FL+WIA+BL

Skincare companies are notorious for targeting women’s insecurities about aging to sell products. “Protect yourself against the inevitable effects of aging” or “turn back the hands of time” are common phrases in commercials or on skincare labels. But you won’t find any of that linked to Redmond’s newest skin care line, Don’t Call Me Ma’am. Entrepreneurs Ilene Ruvinsky and Kathleen Spitzer want to refocus the goals of skincare by empowering women, not putting them down.

In 2009 Senator Barbara Boxer made the news when she told General Michael, “Don’t call me ma’am” at a committee hearing. She asked to be called “senator” instead. “I worked so hard to get that title,” said Boxer on camera.  The senator’s request sparked the foundation for Ruvinsky and Spitzer new business. They were so inspired by Boxer’s words that “Don’t Call Me Ma’am” became the title of their company and helped guide them to create a skincare line with a fresh message on beauty and aging.

“The goal is to age with healthy skin and a healthy body and mind and go out and live your life and live every single phase of your life to the fullest,” said Ruvinsky.

We chatted with the two entrepreneurs about their company, how they got started and what keeps them ahead of their competitors.

Kathleen Headshot

Co-founder Kathleen Spitzer

425Business: The name of your business was inspired by Barbara Boxer requesting to be called “senator” instead of “ma’am.” What was your initial reaction to that video?

Ruvinsky: My initial reaction was “good for you!” And people always say to me, “well he’s in the military and in the military you always use the term ‘ma’am.’”And maybe you do but that doesn’t mean you do in civilian life. In civilian life we’re a lot of things other than “ma’am.” I really felt a strong sense of affiliation with Barbara Boxer and really understood where she was going from.

Spitzer: It was a premier example of a woman who is so accomplished and can be called many different titles but to all of a sudden be given that title, you know, she was the one who said “no, I worked really hard to be a senator.” We feel like that conflicts with a lot of women. Like, don’t put me in a box called “ma’am” when I’m all these other things.

425B: Is it because “ma’am” can make women feel like they’re being put in a box or is it more that it makes women feel old?

Ruvinsky: I think it’s both. We definitely mean it both ways. It also fits with what I would call the ‘anti-anti-ageing message’ that we get from other skin care companies. You won’t find anti-aging on any of our literature or on any of our products. We aren’t anti-aging.  Aging is inevitable.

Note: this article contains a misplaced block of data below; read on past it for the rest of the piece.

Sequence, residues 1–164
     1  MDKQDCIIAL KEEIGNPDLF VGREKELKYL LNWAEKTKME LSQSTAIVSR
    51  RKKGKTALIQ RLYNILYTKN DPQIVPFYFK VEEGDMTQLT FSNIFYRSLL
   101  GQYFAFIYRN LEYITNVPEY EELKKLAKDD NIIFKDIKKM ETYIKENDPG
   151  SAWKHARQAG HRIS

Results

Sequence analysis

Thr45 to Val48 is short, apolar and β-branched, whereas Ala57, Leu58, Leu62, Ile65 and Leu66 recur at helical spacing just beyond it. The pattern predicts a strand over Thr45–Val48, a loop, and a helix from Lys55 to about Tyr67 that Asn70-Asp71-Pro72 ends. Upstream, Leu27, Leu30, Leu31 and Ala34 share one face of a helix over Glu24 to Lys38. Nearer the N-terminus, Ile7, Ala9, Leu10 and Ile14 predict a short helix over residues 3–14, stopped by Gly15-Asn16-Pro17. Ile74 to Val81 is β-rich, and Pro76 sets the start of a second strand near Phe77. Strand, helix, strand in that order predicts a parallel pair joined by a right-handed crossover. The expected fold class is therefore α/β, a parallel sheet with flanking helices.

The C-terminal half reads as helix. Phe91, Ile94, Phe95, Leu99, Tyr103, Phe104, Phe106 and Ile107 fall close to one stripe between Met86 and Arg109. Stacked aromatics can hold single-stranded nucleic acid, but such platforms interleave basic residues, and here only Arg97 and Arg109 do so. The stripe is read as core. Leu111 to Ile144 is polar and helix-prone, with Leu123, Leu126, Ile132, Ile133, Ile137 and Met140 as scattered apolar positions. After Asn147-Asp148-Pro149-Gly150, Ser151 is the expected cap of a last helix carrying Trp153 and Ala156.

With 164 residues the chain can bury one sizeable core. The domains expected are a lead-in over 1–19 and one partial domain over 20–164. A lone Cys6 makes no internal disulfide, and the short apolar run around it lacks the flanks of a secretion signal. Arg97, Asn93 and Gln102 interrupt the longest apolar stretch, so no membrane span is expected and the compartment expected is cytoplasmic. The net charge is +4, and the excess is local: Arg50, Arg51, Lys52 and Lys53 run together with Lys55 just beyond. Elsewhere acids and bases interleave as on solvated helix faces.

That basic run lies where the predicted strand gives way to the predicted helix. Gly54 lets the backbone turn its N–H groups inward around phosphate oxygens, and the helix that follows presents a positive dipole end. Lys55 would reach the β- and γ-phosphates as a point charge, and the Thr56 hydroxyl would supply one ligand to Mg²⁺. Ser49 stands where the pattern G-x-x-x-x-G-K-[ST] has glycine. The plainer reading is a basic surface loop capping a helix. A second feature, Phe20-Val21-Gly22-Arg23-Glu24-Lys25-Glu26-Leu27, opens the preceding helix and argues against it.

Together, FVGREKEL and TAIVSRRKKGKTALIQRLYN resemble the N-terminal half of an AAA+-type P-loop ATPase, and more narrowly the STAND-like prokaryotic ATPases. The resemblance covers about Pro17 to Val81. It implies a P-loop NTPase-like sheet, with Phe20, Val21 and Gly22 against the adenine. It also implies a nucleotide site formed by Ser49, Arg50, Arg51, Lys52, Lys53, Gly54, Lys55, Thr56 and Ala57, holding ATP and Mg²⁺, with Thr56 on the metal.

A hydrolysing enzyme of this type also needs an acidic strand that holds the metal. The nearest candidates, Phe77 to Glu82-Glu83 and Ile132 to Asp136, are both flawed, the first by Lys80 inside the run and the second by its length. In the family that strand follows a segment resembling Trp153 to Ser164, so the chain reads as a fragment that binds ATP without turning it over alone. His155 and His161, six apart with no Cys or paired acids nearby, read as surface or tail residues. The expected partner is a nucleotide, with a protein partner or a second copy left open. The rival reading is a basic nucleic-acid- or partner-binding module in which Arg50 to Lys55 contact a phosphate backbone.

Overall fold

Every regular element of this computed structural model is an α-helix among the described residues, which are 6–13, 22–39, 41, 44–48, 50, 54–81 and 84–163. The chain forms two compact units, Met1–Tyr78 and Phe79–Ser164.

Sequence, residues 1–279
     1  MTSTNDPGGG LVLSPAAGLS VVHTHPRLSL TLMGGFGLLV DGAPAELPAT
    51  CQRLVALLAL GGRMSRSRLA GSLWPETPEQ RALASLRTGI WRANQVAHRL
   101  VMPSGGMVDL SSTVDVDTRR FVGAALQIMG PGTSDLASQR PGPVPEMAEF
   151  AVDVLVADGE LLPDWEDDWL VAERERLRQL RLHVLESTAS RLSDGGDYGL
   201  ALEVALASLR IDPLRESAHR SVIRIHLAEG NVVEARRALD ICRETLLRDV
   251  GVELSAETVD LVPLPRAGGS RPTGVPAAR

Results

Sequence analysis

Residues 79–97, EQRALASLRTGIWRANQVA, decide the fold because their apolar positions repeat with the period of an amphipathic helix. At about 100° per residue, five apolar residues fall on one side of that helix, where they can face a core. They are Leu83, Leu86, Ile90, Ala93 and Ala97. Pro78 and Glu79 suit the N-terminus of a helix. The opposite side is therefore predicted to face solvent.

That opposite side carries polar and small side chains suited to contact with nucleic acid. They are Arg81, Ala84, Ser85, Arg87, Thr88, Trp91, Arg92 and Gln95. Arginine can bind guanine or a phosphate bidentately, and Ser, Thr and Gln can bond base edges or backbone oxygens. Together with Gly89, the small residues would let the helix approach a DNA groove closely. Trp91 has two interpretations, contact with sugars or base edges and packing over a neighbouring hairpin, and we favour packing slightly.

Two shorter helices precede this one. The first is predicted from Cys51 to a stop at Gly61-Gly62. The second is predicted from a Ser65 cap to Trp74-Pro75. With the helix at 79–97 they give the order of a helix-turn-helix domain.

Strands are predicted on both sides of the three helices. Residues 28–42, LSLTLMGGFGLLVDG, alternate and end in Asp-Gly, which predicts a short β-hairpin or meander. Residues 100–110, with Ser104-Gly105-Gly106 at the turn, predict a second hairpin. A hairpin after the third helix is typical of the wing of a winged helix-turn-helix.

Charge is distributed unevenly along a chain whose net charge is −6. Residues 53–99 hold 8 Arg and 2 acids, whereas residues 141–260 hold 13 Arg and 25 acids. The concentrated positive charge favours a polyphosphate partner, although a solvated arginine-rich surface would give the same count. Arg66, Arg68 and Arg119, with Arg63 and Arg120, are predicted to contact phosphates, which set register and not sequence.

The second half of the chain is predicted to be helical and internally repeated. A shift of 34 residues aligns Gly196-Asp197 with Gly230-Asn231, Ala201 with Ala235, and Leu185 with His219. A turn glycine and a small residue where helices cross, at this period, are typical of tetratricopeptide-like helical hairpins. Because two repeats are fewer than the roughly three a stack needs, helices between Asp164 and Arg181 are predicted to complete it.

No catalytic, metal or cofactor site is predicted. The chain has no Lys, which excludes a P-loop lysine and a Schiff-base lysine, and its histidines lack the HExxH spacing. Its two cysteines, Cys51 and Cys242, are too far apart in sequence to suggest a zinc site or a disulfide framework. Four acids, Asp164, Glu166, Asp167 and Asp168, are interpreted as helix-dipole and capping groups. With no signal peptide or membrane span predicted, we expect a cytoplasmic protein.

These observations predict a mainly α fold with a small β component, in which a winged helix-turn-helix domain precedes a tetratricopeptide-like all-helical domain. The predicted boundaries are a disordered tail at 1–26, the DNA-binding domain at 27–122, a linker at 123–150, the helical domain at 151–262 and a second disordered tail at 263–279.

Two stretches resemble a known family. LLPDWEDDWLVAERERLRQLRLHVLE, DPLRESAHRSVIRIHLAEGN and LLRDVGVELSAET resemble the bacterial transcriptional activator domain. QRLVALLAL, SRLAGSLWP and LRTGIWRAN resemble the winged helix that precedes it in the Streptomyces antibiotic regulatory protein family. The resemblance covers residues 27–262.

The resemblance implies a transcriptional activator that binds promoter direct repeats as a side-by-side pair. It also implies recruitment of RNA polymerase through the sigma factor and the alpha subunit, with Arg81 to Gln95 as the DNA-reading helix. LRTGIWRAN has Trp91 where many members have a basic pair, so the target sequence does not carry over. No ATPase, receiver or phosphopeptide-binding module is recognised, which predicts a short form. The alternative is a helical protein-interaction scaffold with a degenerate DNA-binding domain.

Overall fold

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Co-founder Ilene Ruvinsky.

425B: Is your product in stores right now?

Spitzer: We are an online retail. The reason we opted for [online] to start is that we have a subscription model. We couldn’t say that we’re not going to eventually be brick-and-mortar but right now it’s an online retail.

Customers can subscribe to get a package of Don’t Call Me Ma’am products every three months.

425B: How did funding work for this?

Ruvinsky: The owners put up some money to get us started. Then we turned to crowdfunding. We launched our first crowdfunding campaign on a crowdfunding site called Fundable. And that was our rewards program. What we did was offer pre-orders and that’s of course a form on fundraising because it gave us access to capital prior to having to send out the product. And so that enabled us to actually have the product made. We set a target for ourselves of $20,000 in our Fundable campaign which we were successful in beating. And that Fundable campaign also introduced us to investors. So, we launched a second Fundable campaign that was an equity campaign and through that, our goal was $150,000 and we actually reached that goal as well.

425B: There is so much competition for beauty and skincare. Was that something you had to consider before launching?

Ruvinsky: Yes. There is a lot of competition when it comes to skincare but I think it’s an aging market in that a lot of the bands are aging. The major brands are very, very slow to change their formulation. So they contain a lot of ingredients that are really bad for us. I think more women are becoming cautious of what we put in our bodies but are just beginning to think about what we’re putting on our bodies.

Spitzer: One of our biggest assets is we own the manufacturing plant (located in Vancouver BC) so we can do whatever we want. This was sort of an aha moment like “Oh, ok we can really make this a modern skincare line” … and we created a business model that we believe will make it really simple for women to use the product consistently and that’s the subscription.

Portraits shots courtesy of Nina Jensen Krasnow and Eric Radman of Radman Photography